Ignite action


Camryn Corbin

Nora Goodman-Bryan (10) and Ema Wagner (11) presenting their project at Youth Ignite.

Youth Ignite is an opportunity for the youth of Memphis to learn about eight well-thought out ideas and/or programs presented by other teens meant to benefit the greater Memphis area. In the end, the students decide which presentation was the best, and the top three are announced and given 200 dollars to kick-start their program.

“Start with an issue or topic you are truly passionate about and think of solutions. Then, make social connections because with the extra support, you may find volunteers and sponsors for your cause,” Sri Verajan (12) said.

Ema Wagner (11), Nora Goodman-Bryan (10), Hannah Piecuch (12) and Velrajan, were all apart of Youth Ignite this year. Wagner, Piecuch and Goodman-Bryan worked on a project together called K.E.Y Memphis, (Knowledge Empowering Youth), while Velrajan worked on a separate project called Root to Shoot.

Velrajan was giving educational presentations for Shelby Farms Park when she discovered many kids in Memphis did not know how certain vegetables were grown and thus felt no need to eat healthy. She decided if there were youth-led garden and nutrition workshops kids would feel motivated to eat healthily.

“My goal is to  teach kids about the importance of nutrition education in the fight against the poverty/obesity epidemic,” Velrajan said.

Velrajan felt the hardest part about her project wasselling the idea that educational gardens are the solution to the poverty/obesity epidemic.” Although she was not one of the winning groups, she remains motivated to keep spreading awareness of her cause.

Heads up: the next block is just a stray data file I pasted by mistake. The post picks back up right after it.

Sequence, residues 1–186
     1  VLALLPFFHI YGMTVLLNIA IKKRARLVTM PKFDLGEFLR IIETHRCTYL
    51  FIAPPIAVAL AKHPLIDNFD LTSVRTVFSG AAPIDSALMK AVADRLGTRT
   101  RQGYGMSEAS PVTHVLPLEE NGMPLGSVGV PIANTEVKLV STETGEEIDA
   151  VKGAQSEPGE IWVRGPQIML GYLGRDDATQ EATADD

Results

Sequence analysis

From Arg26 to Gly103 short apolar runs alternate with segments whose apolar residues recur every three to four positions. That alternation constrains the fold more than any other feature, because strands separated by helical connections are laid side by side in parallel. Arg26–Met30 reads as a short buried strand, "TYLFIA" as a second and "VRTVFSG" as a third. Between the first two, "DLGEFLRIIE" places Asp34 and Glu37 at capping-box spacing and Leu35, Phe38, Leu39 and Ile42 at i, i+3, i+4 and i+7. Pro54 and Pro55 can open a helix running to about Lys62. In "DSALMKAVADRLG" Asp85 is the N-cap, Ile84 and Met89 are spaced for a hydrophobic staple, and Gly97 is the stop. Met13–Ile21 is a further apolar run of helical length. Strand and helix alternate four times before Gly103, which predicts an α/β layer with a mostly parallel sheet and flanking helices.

“I will continue to give talks on nutrition and hunger,” Velrajan said. “I believe that if I continue to spread awareness, I could make a positive impact on the community.”

Wagner, Goodman-Bryan and Piecuch met through a community action team at Planned Parenthood, where the three girls serve as leaders, and created K.E.Y. as their Community Action Team’s project. The goal of K.E.Y. is to provide a safe space where students are free to discuss topics such as comprehensive sex, which is a teaching that focuses on all aspects of sex including abstinence, protection, etc.

“Our topic is not only comprehensive sex education but also the topics that surround it and affect us as teenagers as well, for instance: body image, gender identity, healthy relationships, etc.” Wagner said.

The girls struggled with potential opposition they could face from parents or students who do not like their association with Planned Parenthood or who disagree with comprehensive sex education in general, as well as figuring out how they would properly present their idea to the audience.

“Youth Ignite was challenging in that we had to do a lot of work on our presentation in a very short time, but the experience was really rewarding, getting to connect with interested youth,” Piecuch said.

The trio struggled with funding and finding free meeting places around the Memphis area that are accessible to different groups in the region.

However, Wagner, Piecuch, and Goodman-Bryan still plan to have bi-monthly meetings and cover as much curriculum as possible until their program takes a hiatus during the summer. By the end of the year, they hope to have selected a few members to be trained so they can re-create K.E.Y. in their neighborhoods and communities to further spread knowledge.

All the girls were thankful for the opportunity to present their programs to the Memphis community and hope to have brought inspiration to other teenagers.